For example, Matt Braiman still receives multiple electric and gas bills every month for his residence on Capitol Hill, which used to be three apartments. Homeowners say they often receive catalogues, phone books and junk mail in duplicate or triplicate.
Ed Grimm, executive director of the Historic Dupont Circle Main Streets program, bought a 4,000-square-foot house on O Street NW in 1998 that had been used as offices for an Australian import business. Perplexed when he couldn't get his wireless Internet service to work, Grimm discovered there were 25 phone lines leading to the house, which was also wired for a high-powered security system.
"With all those electronics, trying to ground anything was a nightmare," he said.
On the plus side, homeowners of converted apartment houses say there's a major convenience during renovation: They can live in one of the units while the rest of the residence is under construction.
"We always had at least one kitchen we could use," Braiman said. "We heard of people having to cook in their bathrooms, but we never had that problem."
Many owners of converted residences choose to keep one or more of the old apartments for extra income. The Reeds, for example, rented out their two basement units after the family moved upstairs into the newly renovated house.
District assessment records show 284 residences in the District that have been converted from multi-family units to single-family residences in the past four years. That figure does not include houses whose owners retain at least one rental unit. Such a home is still considered multifamily dwellings, even though most of the space has been converted for use by one family.
"Having a single apartment in the basement doesn't change the nature of the residence," said Williams, the historian. "It's still an owner-occupied home."
Denton said he has also seen an increasing number of homeowners appropriate "garden apartments" and English basements found in many D.C. rowhouses and turn them into family rooms and master suites.
"The houses are small and you can't build up and you can't build out," he said. "When you have a first child, or a second child -- the only way to go is down."
Braiman and his partner rented out the lower-level unit in their Capitol Hill home for several years, but when they started a family, they took over the space.
The Reeds have the option of using their two lower-level rentals in a variety of ways as their four sons, ages 5 to 12, grow up. Right now, the boys have almost the entire top floor of the house. What was once two cramped apartments is now a wide-open dormitory lit by rows of dormer windows.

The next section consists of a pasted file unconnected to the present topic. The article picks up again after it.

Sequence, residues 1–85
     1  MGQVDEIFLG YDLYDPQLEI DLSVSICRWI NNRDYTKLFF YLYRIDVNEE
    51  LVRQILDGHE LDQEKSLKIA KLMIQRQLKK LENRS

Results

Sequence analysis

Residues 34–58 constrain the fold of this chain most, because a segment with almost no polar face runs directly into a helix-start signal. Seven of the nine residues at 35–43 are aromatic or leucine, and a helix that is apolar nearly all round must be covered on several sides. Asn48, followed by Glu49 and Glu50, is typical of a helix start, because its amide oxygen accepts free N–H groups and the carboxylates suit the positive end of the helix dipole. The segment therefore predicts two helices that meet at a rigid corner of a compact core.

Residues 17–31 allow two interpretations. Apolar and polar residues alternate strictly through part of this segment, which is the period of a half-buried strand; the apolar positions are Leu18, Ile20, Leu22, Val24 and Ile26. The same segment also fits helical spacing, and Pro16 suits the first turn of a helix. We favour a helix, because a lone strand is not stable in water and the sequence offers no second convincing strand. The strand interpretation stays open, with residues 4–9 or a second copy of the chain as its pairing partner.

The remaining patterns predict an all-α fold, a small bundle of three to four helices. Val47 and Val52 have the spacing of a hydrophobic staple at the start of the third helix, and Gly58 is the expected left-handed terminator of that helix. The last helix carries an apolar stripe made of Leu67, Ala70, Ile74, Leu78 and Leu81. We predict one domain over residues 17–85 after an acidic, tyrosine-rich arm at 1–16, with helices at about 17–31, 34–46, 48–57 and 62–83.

"We knocked out a lot of walls in this house," said Reed, whose house will be among those featured on the Capitol Hill Renovator's Tour on Oct. 15. The space is designed so that walls can easily be put up to create separate rooms if his sons want more privacy as they get older.
Real estate agents say the use of space in many of the old multi-units is flexible, and can change as family needs change. Rental units can be used for extra income, or to house adult children, live-in nannies or aged parents. Or the units can be incorporated as extra living space for growing families.
While the challenges of remodeling a multi-unit are perhaps greater than those of the average fixer-upper, owners say the rewards are greater, too: more space, potential rental income and lots of bathrooms. And when it's time to sell, they have large single-family houses in neighborhoods where families want to buy.
"We didn't seek a multi-unit," Braiman said. "We just found a house we liked in a neighborhood we wanted at a price we could afford. It just happened to be divided into apartments."
For the Reeds, now that the nine old refrigerators are gone and there is one spacious kitchen with a soapstone-topped island, the work was worth it.
"This is the house of our dreams," Reed said.
Below: The Reeds turned to a local lumberyard to reproduce many of the exterior fixtures. Left: Before the renovation, the main hall stairs were covered in blue paint.
Below: The staircase, shown with the original newel post now restored to its original wood beauty, is partly carpeted.The Reed house, shown in this 1886 photo, was originally built for one family, but had been used as a boarding house and as a school over the years.